|A young boy adding firewood to the fire|
Over the last couple of weeks, we have heard stories of women beating up their men. The spotlight has particularly been on the Nyeri women who have been in the news every so often for battering their husbands.
With the increase of the cases, the Maendeleo ya Wanaume Organisation Chairman, Mr Nderitu Njoka, said in the news that men battering should completely stop. He even literally removed a red card from his pocket and flagged it to women symbolizing that men battering should come to a halt.
Due to these incidences, Nyeri women have fallen under sharp criticism. In social sites such as facebook, people have coined all manner of terms to describe the on goings in Nyeri. Some of the terms include ‘Nyeriolosis’ which is described as the process of a Nyeri woman beating up a man or ‘Nyeriolistic devices’ which refers to tools used by a Nyeri woman to beat up a her husband.
While these terms may appear funny and while people are making this situation look like something we can make fun of, the situation is indeed very grave. In the midst of all this, I wonder why there is so much focus on ladies yet forget there are two genders.
I think so much emphasis has been laid on the girl child that the boy child does not matter any more, at least not in the eyes of over empowered women who are out to conquer the world. For example in our homes, when a male child comes home late, they are never asked where they are coming from. When they father children out of wedlock, they are never asked. It is just assumed that men can easily defend themselves.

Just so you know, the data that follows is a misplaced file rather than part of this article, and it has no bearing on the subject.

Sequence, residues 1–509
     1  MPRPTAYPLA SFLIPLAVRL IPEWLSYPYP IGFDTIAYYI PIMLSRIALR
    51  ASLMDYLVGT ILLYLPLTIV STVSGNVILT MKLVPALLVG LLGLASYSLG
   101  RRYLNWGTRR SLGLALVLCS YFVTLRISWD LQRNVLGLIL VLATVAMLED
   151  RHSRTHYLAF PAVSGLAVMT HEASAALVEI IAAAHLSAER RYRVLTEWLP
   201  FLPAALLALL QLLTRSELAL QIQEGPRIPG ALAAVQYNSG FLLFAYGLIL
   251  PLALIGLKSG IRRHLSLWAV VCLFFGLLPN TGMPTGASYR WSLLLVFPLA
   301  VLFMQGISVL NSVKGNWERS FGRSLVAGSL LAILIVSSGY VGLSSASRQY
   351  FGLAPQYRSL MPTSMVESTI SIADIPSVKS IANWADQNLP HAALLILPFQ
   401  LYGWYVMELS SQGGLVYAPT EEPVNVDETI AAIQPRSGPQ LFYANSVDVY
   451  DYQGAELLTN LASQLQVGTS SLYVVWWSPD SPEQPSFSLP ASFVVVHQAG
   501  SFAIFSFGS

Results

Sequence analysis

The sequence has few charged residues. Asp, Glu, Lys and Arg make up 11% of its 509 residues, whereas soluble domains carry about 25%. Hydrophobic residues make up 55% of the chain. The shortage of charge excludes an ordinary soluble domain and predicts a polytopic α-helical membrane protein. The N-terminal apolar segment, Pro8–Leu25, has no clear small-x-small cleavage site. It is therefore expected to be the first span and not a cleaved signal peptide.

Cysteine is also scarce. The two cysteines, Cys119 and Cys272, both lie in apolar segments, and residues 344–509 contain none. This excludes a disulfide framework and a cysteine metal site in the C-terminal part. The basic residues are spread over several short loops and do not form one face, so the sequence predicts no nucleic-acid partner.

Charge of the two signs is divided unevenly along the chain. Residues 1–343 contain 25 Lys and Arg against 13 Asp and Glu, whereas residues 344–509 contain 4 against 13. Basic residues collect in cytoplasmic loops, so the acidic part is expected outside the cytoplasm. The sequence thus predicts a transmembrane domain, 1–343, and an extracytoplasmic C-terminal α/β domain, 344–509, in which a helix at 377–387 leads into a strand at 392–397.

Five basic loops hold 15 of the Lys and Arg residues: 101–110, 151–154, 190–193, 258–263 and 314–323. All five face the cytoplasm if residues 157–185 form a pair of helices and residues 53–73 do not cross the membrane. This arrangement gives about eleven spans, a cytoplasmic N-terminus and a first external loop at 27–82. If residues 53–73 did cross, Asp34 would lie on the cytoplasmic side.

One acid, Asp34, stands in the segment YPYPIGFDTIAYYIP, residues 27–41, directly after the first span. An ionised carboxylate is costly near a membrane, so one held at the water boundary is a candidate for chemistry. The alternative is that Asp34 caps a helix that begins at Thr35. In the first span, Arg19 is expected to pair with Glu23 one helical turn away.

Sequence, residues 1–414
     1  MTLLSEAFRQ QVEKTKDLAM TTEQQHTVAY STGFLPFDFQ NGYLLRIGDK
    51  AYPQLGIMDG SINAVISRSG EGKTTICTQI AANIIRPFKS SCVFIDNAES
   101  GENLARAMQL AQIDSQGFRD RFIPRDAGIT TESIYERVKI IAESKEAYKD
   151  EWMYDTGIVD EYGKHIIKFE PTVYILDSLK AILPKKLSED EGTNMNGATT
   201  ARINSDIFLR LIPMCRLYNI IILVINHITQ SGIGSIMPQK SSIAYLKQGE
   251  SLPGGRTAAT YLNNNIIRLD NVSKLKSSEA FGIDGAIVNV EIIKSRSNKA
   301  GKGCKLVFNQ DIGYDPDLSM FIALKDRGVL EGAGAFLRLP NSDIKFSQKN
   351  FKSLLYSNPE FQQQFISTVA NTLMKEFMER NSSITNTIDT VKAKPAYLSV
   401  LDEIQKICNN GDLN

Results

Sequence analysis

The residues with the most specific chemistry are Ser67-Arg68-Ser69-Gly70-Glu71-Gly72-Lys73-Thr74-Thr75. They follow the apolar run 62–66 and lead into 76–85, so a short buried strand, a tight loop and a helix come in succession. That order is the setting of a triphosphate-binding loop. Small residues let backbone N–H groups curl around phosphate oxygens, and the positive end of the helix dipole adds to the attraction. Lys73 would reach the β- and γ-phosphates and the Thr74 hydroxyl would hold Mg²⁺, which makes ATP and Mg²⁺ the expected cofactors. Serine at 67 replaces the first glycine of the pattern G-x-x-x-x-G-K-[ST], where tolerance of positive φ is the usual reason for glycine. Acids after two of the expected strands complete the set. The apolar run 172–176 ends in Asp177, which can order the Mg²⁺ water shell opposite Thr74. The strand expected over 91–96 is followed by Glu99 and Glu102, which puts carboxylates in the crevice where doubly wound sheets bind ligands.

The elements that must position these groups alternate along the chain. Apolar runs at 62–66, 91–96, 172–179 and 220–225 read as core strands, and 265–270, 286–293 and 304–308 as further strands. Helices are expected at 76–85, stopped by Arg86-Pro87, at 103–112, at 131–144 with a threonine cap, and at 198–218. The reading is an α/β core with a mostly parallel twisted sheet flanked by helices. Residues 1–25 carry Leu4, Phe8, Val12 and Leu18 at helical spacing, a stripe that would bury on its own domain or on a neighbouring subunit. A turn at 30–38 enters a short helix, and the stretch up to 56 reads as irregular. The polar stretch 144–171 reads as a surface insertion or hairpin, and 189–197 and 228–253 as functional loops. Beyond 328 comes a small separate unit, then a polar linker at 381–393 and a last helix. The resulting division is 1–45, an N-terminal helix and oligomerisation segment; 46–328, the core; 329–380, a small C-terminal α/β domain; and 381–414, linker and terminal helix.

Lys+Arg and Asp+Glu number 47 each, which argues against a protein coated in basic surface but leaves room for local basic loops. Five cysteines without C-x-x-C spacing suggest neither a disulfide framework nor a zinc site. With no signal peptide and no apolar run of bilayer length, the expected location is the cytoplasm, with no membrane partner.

The boy child, despite how society chooses to treat him, is still vulnerable. He is a child, just like the girl child and therefore should be handled with care. We should not sit back and assume that because he is male, he will figure his way out of problems. The same guidance that is given to the girl child should also be given to the boy child.
It is in ignoring to address some of these issues in society; that men are appearing to have fallen victims to women. They are simply not told what it takes to be responsible men in society and the challenges that come with the territory. It is assumed just because they are male, they ought to know.
If we are to change the plight of the boy child, then I believe that change should start from our homes. We ought to treat the males in our homes with the same care we give the females. I believe parents should also take more responsibility when raising up the boy child. The same attention they give to the girl child is the same that is to be reciprocated to the boy child. It is indeed about time the boy child got heard.